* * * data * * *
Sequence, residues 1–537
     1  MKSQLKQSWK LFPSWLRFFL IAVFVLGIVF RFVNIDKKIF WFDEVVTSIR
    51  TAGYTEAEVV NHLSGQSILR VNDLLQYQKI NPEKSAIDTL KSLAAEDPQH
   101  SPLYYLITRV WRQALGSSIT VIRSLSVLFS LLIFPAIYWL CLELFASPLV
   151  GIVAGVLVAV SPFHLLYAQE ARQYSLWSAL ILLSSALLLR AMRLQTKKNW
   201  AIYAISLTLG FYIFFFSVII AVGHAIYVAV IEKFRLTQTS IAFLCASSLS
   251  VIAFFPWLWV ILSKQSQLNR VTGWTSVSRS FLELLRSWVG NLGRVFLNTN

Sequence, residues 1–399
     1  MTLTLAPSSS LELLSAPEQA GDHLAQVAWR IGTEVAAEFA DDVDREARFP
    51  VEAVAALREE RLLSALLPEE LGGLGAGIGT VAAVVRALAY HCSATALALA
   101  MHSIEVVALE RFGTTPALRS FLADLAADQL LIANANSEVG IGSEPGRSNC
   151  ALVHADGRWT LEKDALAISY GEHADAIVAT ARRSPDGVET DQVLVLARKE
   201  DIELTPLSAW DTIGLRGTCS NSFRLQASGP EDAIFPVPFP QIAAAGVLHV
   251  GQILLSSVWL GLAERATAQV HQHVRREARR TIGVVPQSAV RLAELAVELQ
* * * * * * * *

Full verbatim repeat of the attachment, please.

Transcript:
Sequence, residues 1–537
     1  MKSQLKQSWK LFPSWLRFFL IAVFVLGIVF RFVNIDKKIF WFDEVVTSIR
    51  TAGYTEAEVV NHLSGQSILR VNDLLQYQKI NPEKSAIDTL KSLAAEDPQH
   101  SPLYYLITRV WRQALGSSIT VIRSLSVLFS LLIFPAIYWL CLELFASPLV
   151  GIVAGVLVAV SPFHLLYAQE ARQYSLWSAL ILLSSALLLR AMRLQTKKNW
   201  AIYAISLTLG FYIFFFSVII AVGHAIYVAV IEKFRLTQTS IAFLCASSLS
   251  VIAFFPWLWV ILSKQSQLNR VTGWTSVSRS FLELLRSWVG NLGRVFLNTN

Sequence, residues 1–399
     1  MTLTLAPSSS LELLSAPEQA GDHLAQVAWR IGTEVAAEFA DDVDREARFP
    51  VEAVAALREE RLLSALLPEE LGGLGAGIGT VAAVVRALAY HCSATALALA
   101  MHSIEVVALE RFGTTPALRS FLADLAADQL LIANANSEVG IGSEPGRSNC
   151  ALVHADGRWT LEKDALAISY GEHADAIVAT ARRSPDGVET DQVLVLARKE
   201  DIELTPLSAW DTIGLRGTCS NSFRLQASGP EDAIFPVPFP QIAAAGVLHV
   251  GQILLSSVWL GLAERATAQV HQHVRREARR TIGVVPQSAV RLAELAVELQ